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Domestic violence: a silent crime on college campuses

When it comes to domestic violence, numbers can be deceiving.

According to Sgt. Lonnie Chavez of the Grand Junction Police Department, domestic violence cases do not paint an accurate picture by themselves because the incidents are not crimes –– they are crime enhancers. The term refers to a domestic violence charge that can only be attached to another crime, such as battery, assault or stalking.


In addition, many domestic violence cases go unreported.

“Seven out of 10 [people abused] will say that nothing happened, that it was just an argument,” Chavez said. “It makes it difficult because we can’t do anything and we know it is happening, but there is nothing we can do [if they don’t report it].”

According to law enforcement and academic officials, the statistics fluctuate according to the size of the university.

“Domestic violence is in every ethnic, socio-economic background,” said Fort Collins District Attorney Emily Humphrey. “It doesn’t matter if you are educated or a male or female, domestic violence has been around.”

“People don’t think that the crime can happen, but it does. It happens all the way up: race, age, education,” Humphrey said. “Whatever work you do, whether you work a six figure job or work minimum wage, domestic violence doesn’t care.”

That includes students.

“I see a lot [of campus domestic violence cases]. That doesn’t mean it’s happening any more than anywhere else. It’s kind of a silent thing,” said Casey Malsam, CSU Women and Gender Advocacy Center advocate. “People assume you wouldn’t be dating someone who is violent, so then when you find yourself in that situation it’s hard to be like, ‘this isn’t going well for me.’”

For students on campus, observing the signs of domestic violence is difficult because of the oftentimes unnoticeable nature of the crime.

“Students are the most at risk for dating violence, because they aren’t experienced to see what red flags there are, and what is dangerous and abusive,” said Linda Johnston, director of the Ending of Violence Against Women Project. “It can be subtle. People think it has to be physical, but it can be verbal — it is just a different form of abuse.”


Because students do not always know what is normal in a relationship, according to Johnston, the offenders can make excuses for the abuse with reasons like love, and often blame the victim for bringing on the abuse. For this reason, many domestic violence crimes do not get reported because the victim will be fearful to report or leave the offender.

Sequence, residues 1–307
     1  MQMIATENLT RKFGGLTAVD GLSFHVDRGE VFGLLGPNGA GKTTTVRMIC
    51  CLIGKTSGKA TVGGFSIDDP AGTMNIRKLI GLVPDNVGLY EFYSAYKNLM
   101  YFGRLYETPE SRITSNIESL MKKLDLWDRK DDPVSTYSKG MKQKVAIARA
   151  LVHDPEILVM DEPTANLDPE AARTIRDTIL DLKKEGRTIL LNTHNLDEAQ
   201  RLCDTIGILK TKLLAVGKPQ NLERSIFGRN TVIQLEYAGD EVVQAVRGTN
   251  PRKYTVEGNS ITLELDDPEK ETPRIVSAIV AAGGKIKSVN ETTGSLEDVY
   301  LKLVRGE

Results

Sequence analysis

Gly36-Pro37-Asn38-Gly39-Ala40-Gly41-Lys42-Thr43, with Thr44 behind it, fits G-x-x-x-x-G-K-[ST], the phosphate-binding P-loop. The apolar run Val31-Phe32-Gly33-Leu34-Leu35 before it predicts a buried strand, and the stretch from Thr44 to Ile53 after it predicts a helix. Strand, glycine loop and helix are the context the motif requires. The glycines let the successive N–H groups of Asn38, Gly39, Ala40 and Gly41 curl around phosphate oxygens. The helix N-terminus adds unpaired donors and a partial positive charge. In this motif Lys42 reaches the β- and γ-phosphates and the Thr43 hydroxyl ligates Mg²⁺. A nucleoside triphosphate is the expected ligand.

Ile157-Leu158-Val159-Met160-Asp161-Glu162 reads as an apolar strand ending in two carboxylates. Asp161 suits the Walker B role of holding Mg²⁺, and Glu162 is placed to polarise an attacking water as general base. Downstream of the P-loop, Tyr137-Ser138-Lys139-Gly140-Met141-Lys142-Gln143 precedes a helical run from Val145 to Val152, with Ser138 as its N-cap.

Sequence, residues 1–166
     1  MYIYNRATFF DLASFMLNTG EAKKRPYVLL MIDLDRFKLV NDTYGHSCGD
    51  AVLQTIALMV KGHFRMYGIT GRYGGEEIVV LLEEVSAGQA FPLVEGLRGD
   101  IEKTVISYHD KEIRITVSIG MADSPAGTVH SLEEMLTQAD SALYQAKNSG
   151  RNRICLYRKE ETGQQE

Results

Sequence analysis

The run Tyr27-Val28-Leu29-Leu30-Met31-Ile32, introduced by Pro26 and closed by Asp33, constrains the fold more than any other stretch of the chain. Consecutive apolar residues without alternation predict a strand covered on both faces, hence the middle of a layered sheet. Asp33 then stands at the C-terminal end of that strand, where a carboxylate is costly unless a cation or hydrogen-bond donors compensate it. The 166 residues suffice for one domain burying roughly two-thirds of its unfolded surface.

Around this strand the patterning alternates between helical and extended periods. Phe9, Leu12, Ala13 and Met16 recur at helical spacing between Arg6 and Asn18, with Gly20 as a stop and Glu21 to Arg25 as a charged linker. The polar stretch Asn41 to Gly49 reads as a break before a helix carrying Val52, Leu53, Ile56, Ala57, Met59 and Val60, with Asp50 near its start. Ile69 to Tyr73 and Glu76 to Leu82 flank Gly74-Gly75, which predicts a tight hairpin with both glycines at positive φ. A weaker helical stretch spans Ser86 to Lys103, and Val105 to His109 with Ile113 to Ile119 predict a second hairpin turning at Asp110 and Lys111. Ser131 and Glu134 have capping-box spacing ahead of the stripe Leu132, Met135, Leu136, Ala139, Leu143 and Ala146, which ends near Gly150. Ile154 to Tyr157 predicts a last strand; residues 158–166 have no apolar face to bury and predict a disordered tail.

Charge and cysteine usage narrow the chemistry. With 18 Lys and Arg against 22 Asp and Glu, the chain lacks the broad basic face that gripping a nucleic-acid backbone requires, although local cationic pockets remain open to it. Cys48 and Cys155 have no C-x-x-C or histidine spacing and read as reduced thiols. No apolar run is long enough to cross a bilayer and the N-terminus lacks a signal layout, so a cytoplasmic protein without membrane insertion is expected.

“Domestic violence is about power and control that a person wants over another person,” Johnston said. “It is difficult to get out of because you don’t know how far the offender will go to punish you for leaving or reporting. Many stay out of fear, and they hope that it will change because it doesn’t often start this way. People don’t want the relationship to end, just the abuse.”

Another problem that officials like Malsam see is that society does not always judge domestic violence for what it is.

“Our culture is set up so we have different blinders for it. [Watching television] there is violence in all of it, we just don’t watch for it because it seems like that is okay because that is how our society is set up,” Malsam said. “It has just become commonplace. We can watch a show and see domestic violence happening in front of us and not recognize it.”

“I think this is a problem everywhere and the fact that we don’t really talk about it,” Malsam said. “It makes it seem like ‘oh there is this one case, how did we not stand up for this before?’ Well it just wasn’t in your viewfinder that particular day. It is there all the time, if you are looking for it.”

Examples, she said, take place in Disney movies like Snow White.

“We look at Snow White when the prince comes up and kisses her while she is asleep,” Malsam said. “And it’s this big romantic moment, but under the law, that kiss is sexual assault because she wasn’t in capacity to say yes or no. So the prince sexually assaults Snow White but nobody talks about that. So it’s all around us but if we don’t talk about, we don’t see it.”

On college campuses, for example, many domestic violence cases that officials see are more nonphysical, like stalking, verbal abuse or electronic abuse.

According to Chavez, using electronics — like texting and email — creates a problem, because offenders think that it is okay since it is not face to face and people don’t think that it is as threatening via text message.

Like electronic abuse, stalking can be an issue with domestic violence, because even from a distance, the actions are used to control and create fear without violence, Johnston said.